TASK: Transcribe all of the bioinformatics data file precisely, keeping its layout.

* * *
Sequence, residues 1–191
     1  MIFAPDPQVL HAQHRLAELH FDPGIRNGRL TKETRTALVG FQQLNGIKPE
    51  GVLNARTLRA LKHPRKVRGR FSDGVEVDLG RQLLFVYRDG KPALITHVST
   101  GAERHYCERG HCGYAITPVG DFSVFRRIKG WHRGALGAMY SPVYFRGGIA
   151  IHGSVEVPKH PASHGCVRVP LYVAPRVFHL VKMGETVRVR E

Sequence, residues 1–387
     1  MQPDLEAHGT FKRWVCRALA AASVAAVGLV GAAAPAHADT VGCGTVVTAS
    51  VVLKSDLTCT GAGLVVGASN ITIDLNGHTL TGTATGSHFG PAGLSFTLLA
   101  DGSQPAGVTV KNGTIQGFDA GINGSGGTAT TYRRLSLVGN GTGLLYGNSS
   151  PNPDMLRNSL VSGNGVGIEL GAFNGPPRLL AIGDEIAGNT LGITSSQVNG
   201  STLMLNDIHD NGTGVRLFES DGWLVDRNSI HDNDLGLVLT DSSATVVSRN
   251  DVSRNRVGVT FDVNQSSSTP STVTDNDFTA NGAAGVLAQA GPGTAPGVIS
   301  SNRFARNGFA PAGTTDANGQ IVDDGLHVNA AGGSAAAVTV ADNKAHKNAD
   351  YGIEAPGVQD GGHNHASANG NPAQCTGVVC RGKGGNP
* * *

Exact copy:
Sequence, residues 1–191
     1  MIFAPDPQVL HAQHRLAELH FDPGIRNGRL TKETRTALVG FQQLNGIKPE
    51  GVLNARTLRA LKHPRKVRGR FSDGVEVDLG RQLLFVYRDG KPALITHVST
   101  GAERHYCERG HCGYAITPVG DFSVFRRIKG WHRGALGAMY SPVYFRGGIA
   151  IHGSVEVPKH PASHGCVRVP LYVAPRVFHL VKMGETVRVR E

Sequence, residues 1–387
     1  MQPDLEAHGT FKRWVCRALA AASVAAVGLV GAAAPAHADT VGCGTVVTAS
    51  VVLKSDLTCT GAGLVVGASN ITIDLNGHTL TGTATGSHFG PAGLSFTLLA
   101  DGSQPAGVTV KNGTIQGFDA GINGSGGTAT TYRRLSLVGN GTGLLYGNSS
   151  PNPDMLRNSL VSGNGVGIEL GAFNGPPRLL AIGDEIAGNT LGITSSQVNG
   201  STLMLNDIHD NGTGVRLFES DGWLVDRNSI HDNDLGLVLT DSSATVVSRN
   251  DVSRNRVGVT FDVNQSSSTP STVTDNDFTA NGAAGVLAQA GPGTAPGVIS
   301  SNRFARNGFA PAGTTDANGQ IVDDGLHVNA AGGSAAAVTV ADNKAHKNAD
   351  YGIEAPGVQD GGHNHASANG NPAQCTGVVC RGKGGNP